We know that recessions disproportionately impact historically underserved communities. In worker-run businesses however, the impact of economic downturns are distributed more equally. Mondragon Corporation in the Basque region of Spain is a leading example of this and the democratic economy in action.
EVOLUTION INSTITUTE PROJECTS
Under this project EI will apply the knowledge and experience acquired by Mondragon to the underserved region of East Pasco, Florida, comprised overwhelmingly of low-income people of color, migrants, and farmworkers. This will be done through action-oriented research committed to systemically reducing inequality and improving quality of life.
In 1956, a Roman Catholic priest named Father Arizmendi started a co-op together with six workers in the town of Mondragon. Today, Mondragon Corporation is the largest and most successful worker co-op in the world, with more than 81,000 people grouped together in worker owned cooperatives.
At the beginning of the COVID pandemic, workers at Mondragon voted to take pay cuts rather than lay people off. While the 2008 recession severely hit Spain, workers at Mondragon were reassigned to other companies within the collective instead of losing their jobs. There are solidarity tools such as a maximum acceptable pay difference that ensures the highest paid worker cannot get more than 8-9 times what the lowest paid worker gets. (compared to chief execs being paid 320 times more than the average worker in the US)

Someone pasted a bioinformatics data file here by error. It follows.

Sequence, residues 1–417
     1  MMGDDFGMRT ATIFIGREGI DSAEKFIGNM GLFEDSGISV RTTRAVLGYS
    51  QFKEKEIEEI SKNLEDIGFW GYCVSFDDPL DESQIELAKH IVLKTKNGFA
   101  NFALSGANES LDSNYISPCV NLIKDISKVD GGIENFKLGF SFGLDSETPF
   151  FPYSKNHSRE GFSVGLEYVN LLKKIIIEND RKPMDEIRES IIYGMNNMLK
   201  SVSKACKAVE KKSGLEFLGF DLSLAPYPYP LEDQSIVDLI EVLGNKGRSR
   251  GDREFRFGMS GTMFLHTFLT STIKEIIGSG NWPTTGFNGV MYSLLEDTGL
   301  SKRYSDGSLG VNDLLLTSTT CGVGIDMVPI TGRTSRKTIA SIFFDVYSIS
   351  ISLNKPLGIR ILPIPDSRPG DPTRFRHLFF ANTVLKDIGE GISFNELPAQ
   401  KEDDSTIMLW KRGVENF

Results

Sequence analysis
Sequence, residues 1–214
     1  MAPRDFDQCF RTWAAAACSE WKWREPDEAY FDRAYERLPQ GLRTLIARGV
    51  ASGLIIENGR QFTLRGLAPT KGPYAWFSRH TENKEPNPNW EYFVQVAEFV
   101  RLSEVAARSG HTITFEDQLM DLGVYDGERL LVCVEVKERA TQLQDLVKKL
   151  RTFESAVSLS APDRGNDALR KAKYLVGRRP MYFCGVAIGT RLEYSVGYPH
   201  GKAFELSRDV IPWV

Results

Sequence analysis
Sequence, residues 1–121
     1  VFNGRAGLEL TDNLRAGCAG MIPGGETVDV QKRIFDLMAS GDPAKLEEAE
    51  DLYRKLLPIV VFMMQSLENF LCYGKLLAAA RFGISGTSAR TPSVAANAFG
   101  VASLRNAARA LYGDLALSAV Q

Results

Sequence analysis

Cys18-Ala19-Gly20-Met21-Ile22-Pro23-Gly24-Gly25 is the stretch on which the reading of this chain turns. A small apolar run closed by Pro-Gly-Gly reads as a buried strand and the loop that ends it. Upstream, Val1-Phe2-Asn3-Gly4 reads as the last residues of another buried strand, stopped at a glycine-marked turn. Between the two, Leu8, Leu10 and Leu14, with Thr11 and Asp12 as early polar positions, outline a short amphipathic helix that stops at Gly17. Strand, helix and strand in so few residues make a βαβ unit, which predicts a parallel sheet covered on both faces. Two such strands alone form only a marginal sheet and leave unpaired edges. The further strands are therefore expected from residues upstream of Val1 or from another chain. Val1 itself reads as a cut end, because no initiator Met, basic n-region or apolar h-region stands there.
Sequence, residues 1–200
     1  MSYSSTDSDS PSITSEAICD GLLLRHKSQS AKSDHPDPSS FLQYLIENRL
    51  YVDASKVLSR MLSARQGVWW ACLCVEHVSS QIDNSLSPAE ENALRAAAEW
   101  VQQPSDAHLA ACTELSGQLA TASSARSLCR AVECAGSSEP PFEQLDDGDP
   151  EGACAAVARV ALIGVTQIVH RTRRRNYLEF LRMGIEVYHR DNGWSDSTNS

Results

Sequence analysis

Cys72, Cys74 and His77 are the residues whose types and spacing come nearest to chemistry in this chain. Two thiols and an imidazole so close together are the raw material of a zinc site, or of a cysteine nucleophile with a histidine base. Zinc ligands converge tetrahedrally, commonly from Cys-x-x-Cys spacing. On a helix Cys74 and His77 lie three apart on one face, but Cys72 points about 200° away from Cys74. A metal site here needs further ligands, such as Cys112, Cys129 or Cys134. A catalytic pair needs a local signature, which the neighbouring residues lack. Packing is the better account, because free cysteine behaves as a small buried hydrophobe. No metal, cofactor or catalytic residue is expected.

The workers truly own, and more importantly run, everything.
Mondragon is teaching the world how to move the ideas of worker ownership and cooperation into high gear and large scale. A key lesson from Mondragon is the importance of developing an economically integrated network, showing how an ecosystem of cooperatives and support organizations create the infrastructure that leads to sustained growth.
The lessons of Mondragon on democratic economy can be summarized in three points:
- Broadly shared ownership
- Business as a space for social transformation
Like Mondragon, the Evolution Institute seeks to promote equitable and participatory community and regional development through broadly shared ownership, progressive and inclusive education, and inter-cooperation among education and training institutions, research and development organizations, local government bodies, and community coalitions.